This book tells its complete story for the first time, from the nineteenth-century controversy over where to site Weston-super-Mare’s prestigious new pavilion, to the battle to save the theatre that questioned the town’s survival as a traditional seaside resort, recounting along the way the cherished and often amusing memories of many of the stars and stagehands who shaped its history.
Literary Bristol: Writers and the City
Ed. Marie Mulvey-Roberts
Literary Bristol tells the story of Bristol through its writers. Bristol has been recognised as a thriving port and commercial and industrial centre, as well as a city of churches, yet insufficient attention has been paid to its literary importance, even though more writers are connected to this ‘Venice of the West’ than almost any other city in England, apart from London. There are over a hundred significant authors, poets and playwrights linked to Bristol, which allow it to take its place as one of the world’s great literary centres. Bristol can lay claim to a significant number of literary firsts in poetry, prose and drama.
This book takes the reader on an armchair tour of Bristol, linking writer and place from the late eighteenth century up to the present day. Leading experts on Bristol’s literary tradition act as virtual tour-guides, pointing out the Romantic poets, early women writers, Gothic novelists, Victorian authors, dramatists and modern novelists who have left their mark on Bristol’s cultural cityscape. The relationship between writing and place is explored in innovative ways, drawing together neglected and famous writers connected with Bristol.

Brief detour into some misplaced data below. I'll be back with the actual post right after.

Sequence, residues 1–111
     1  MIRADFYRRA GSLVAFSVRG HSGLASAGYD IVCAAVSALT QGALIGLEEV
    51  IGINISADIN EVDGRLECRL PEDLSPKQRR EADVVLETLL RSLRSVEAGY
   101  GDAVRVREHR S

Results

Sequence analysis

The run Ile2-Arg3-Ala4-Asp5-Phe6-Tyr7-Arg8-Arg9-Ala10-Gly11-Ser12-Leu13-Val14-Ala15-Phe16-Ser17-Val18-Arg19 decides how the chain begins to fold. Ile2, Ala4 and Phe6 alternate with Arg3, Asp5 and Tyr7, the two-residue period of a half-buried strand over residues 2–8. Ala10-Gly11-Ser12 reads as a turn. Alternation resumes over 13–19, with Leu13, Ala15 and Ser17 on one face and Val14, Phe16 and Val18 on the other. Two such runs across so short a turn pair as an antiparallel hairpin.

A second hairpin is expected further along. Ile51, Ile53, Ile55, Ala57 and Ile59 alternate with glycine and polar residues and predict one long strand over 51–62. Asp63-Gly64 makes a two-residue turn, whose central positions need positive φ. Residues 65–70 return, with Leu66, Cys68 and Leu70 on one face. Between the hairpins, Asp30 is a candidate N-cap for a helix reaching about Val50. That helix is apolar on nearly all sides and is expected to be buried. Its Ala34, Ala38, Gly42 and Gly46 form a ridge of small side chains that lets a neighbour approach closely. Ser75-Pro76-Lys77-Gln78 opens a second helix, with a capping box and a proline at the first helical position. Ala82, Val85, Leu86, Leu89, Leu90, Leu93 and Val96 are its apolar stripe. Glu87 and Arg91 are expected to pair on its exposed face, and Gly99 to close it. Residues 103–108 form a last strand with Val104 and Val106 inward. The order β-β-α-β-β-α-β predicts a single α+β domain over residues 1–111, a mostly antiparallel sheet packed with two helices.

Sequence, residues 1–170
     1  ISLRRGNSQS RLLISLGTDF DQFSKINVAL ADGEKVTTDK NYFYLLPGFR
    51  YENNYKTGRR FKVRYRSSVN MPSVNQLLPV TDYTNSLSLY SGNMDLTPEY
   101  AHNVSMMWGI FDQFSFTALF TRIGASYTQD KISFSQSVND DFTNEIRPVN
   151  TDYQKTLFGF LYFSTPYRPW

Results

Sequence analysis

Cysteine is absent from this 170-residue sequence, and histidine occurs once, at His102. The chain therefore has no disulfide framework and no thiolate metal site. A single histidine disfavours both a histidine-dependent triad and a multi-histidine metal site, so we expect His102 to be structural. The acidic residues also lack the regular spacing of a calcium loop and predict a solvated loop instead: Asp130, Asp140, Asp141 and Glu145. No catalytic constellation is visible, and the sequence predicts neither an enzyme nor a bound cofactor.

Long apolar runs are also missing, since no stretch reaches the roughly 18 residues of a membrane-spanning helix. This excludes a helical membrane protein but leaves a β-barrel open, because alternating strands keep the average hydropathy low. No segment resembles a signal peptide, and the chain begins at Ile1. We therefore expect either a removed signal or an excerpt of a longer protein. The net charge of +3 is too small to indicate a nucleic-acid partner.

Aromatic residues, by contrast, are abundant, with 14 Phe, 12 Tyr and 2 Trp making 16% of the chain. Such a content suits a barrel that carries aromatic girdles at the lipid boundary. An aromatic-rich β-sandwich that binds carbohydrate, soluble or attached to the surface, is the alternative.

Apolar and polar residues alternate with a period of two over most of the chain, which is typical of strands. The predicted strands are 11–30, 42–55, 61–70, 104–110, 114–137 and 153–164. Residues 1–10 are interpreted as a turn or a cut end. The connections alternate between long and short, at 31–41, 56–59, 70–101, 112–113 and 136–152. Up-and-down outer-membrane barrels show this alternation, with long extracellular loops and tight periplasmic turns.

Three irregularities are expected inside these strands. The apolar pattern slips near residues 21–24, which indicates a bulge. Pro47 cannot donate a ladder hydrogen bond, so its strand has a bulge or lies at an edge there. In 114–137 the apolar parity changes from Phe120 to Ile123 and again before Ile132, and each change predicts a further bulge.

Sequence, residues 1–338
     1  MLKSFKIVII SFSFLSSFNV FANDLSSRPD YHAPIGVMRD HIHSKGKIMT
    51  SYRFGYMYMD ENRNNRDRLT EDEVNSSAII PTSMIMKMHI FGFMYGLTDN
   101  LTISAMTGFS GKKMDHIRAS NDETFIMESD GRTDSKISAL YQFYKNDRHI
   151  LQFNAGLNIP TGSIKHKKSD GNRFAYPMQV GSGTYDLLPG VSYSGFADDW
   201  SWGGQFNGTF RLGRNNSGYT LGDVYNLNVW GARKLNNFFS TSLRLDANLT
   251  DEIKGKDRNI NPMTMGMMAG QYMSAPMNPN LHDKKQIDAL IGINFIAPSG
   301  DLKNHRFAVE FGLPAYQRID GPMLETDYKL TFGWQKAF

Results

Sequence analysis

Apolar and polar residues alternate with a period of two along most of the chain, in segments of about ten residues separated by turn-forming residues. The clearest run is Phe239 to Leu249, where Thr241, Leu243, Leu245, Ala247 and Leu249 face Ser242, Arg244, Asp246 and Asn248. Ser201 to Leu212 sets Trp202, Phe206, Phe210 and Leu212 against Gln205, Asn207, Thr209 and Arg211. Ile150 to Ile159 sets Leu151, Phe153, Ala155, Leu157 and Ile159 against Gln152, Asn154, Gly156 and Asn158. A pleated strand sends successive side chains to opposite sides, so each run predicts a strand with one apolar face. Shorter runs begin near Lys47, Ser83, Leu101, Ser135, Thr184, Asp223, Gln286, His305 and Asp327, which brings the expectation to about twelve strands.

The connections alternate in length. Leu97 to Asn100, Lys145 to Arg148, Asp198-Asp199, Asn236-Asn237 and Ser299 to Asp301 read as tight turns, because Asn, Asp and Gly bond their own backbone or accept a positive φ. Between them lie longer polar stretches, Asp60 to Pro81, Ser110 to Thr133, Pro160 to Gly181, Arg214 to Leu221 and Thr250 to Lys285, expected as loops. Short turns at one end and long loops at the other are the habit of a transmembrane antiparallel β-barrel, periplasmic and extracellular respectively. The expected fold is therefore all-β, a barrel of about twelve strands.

Photojournalist Jon Kent spends a year discovering how traditional Somerset Cider is made and the people that make it all possible.
This collection, the winners of the Bridport Prize 2015, offers readers a taste of the best of new writing with the 33 finest poems, short stories and flash fiction chosen by Roger McGough, Jane Rogers and David Gaffney from thousands of entries.
The Bridport Prize, established in 1973, is one of the most prestigious open writing competitions in the English language with over £15,000 in prize money annually.
This collection, the winners of the Bridport Prize 2016, offers readers a taste of the best of new writing with the 33 finest poems, short stories and flash fiction chosen by Patience Agbabi, Tessa Hadley and Tim Stevenson from thousands of entries.
Edited by Madge Dresser, with contributions by Madge Dresser, Peter Fleming, June Hannam and Moira Martin.
Women and the City is the first sustained study of the history of the women who lived in Bristol. Lavishly illustrated, it charts the changing lot of ordinary women in one of Britain’s most important cities over the past 600 years, and seeks to document the expanding channels of female influence on the city’s economic, cultural and political life since medieval times.
Read the fabulous story in the Guardian of the Bristolian milkman who drew Bristol from memory … He was ‘a secret artist – so secret, he didn’t know he was one’. http://gu.com/p/4kv76/sbl
An associated company, Sansom & Company Ltd, publishes books on modern and contemporary British Art; and Art Dictionaries Ltd specialises in art-biographical reference works.